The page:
Food Assistance Fact Sheet - Chad

Map of Chad

September 30, 2019

Chad is a low-income, land-locked country that suffers from chronic food insecurity due to the effects of regional conflict, frequent drought, limited income-generating opportunities, and restricted access to social services. The UN reports that an estimated 4.3 million people in Chad, over one-fourth of the country’s 15.8 million people, require emergency assistance in 2019.


  • Although most regions of Chad are likely to remain in Minimal (IPC 1) acute food insecurity through January, high food prices and limited food supply in local markets due to conflict-induced disruption to commodity trade flows will continue to drive Crisis (IPC 3) outcomes in Tibesti Region through at least January, according to the Famine Early Warning Systems Network (FEWS NET).  In Lac Region, Stressed (IPC 2) outcomes will continue due to displacement and disruption of livelihoods driven by conflict, with ongoing and planned humanitarian assistance for displaced populations preventing worse outcomes.
  • At least 133,000 Chadians were internally displaced as of April, according to the International Organization for Migration (IOM).  Chad also hosts more than 464,000 refugees and asylum-seekers—predominantly from the Central African Republic, Nigeria, and Sudan—as of August, according to the Office of the UN High Commissioner for Refugees (UNHCR).  A resurgence of armed attacks and insecurity in the Lake Chad Basin since January is driving continued regional displacement and exacerbating humanitarian needs.
  • An August screening exercise noted deterioration of the nutrition situation attributed to the ongoing measles outbreak, increase in malaria during the May to October rainy season, and impact of the lean season—the period typically lasting from June to October when food is most scarce—according to the UN World Food Program (WFP).  As of late August, nutrition actors had treated over 194,000 children ages 6–59 months for severe acute malnutrition (SAM) in 2019, according to the UN Children’s Fund (UNICEF).  This includes close to 41,200 severely malnourished children treated in August, representing a 61 percent increase compared to the same period in 2018.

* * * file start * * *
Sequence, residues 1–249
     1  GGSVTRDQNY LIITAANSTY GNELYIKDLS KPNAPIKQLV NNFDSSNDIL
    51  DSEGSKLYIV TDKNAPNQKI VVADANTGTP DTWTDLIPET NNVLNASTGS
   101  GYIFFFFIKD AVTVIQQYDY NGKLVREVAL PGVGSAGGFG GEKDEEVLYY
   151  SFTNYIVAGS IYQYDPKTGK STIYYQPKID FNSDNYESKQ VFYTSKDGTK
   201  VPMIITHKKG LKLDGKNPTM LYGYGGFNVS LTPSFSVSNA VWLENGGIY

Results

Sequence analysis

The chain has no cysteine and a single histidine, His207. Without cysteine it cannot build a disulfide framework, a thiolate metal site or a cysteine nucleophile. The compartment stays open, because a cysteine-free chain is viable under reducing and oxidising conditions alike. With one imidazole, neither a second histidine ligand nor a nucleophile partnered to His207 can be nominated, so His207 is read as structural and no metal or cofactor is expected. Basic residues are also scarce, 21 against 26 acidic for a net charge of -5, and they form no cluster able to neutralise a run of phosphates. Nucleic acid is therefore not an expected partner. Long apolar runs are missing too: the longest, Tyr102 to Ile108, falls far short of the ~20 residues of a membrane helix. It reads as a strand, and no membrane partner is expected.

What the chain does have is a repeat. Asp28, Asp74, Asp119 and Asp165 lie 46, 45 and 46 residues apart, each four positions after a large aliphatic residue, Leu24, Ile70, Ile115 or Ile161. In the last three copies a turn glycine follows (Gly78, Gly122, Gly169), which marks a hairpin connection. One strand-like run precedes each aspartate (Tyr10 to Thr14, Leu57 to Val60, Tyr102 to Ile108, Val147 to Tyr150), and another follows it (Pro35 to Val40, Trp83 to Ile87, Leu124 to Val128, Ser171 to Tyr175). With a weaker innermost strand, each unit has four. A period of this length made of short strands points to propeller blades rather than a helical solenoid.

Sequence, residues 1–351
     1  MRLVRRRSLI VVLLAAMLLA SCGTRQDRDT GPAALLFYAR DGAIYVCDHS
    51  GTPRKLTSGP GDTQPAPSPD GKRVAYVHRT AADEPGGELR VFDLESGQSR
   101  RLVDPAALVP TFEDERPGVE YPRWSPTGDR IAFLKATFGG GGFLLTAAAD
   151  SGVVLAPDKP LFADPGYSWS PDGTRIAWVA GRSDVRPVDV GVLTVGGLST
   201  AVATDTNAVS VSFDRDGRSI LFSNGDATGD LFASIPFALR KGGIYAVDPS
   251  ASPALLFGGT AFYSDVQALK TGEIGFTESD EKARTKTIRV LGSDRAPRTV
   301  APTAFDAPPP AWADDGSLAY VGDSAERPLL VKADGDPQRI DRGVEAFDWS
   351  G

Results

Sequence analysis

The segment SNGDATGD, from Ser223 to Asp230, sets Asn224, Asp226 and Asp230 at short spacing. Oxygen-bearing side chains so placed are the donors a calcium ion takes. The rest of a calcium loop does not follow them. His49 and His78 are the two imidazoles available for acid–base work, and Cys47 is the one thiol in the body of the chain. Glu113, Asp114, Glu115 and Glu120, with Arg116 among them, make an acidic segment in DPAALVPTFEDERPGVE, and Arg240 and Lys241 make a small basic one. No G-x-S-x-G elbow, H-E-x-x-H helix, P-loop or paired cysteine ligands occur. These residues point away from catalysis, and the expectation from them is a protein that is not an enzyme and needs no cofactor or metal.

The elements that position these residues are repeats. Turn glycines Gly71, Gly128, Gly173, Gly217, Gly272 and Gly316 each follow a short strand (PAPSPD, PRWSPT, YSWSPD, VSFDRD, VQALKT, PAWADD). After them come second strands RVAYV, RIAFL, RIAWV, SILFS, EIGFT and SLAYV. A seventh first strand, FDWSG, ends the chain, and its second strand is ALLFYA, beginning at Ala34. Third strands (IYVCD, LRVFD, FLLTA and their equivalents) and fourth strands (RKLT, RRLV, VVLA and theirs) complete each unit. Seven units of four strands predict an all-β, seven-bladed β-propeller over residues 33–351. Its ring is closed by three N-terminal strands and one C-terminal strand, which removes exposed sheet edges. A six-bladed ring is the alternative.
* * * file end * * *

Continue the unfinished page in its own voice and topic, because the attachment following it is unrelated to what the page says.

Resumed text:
*The Integrated Food Security Phase Classification (IPC) is a standardized tool that aims to classify the severity and magnitude of acute food insecurity.  The IPC scale, comparable across countries, ranges from Minimal (IPC I) to Famine (IPC 5).


  • In FY 2019, USAID’s Office of Food for Peace (FFP) supported WFP to provide in-kind food assistance purchased in U.S. and local markets to food-insecure populations, including refugees.  FFP resources also enabled WFP to deliver specialized nutrition products to treat malnourished children and pregnant and lactating women.  Additionally, FFP supported the provision of cash transfers, food vouchers, and complementary services by WFP and other humanitarian organizations to the most vulnerable.

  • With FY 2019 support from FFP, the UN Children’s Fund (UNICEF) delivered ready-to-use therapeutic food to treat approximately 43,000 children experiencing severe acute malnutrition.  UNICEF also continued to collaborate with regional health authorities to improve acute malnutrition treatment services in Chad.

Food for Peace Contributions

Total Contributions:

  U.S. Dollars Metric Tons
Fiscal Year 2019 $69.8 million 48,615 MT
Fiscal Year 2018 $62.7 million 35,514 MT
Fiscal Year 2017 $55.6 million 37,251 MT

* Metric tonnage does not reflect funding for vouchers or cash transfers. 


Last updated: November 05, 2019

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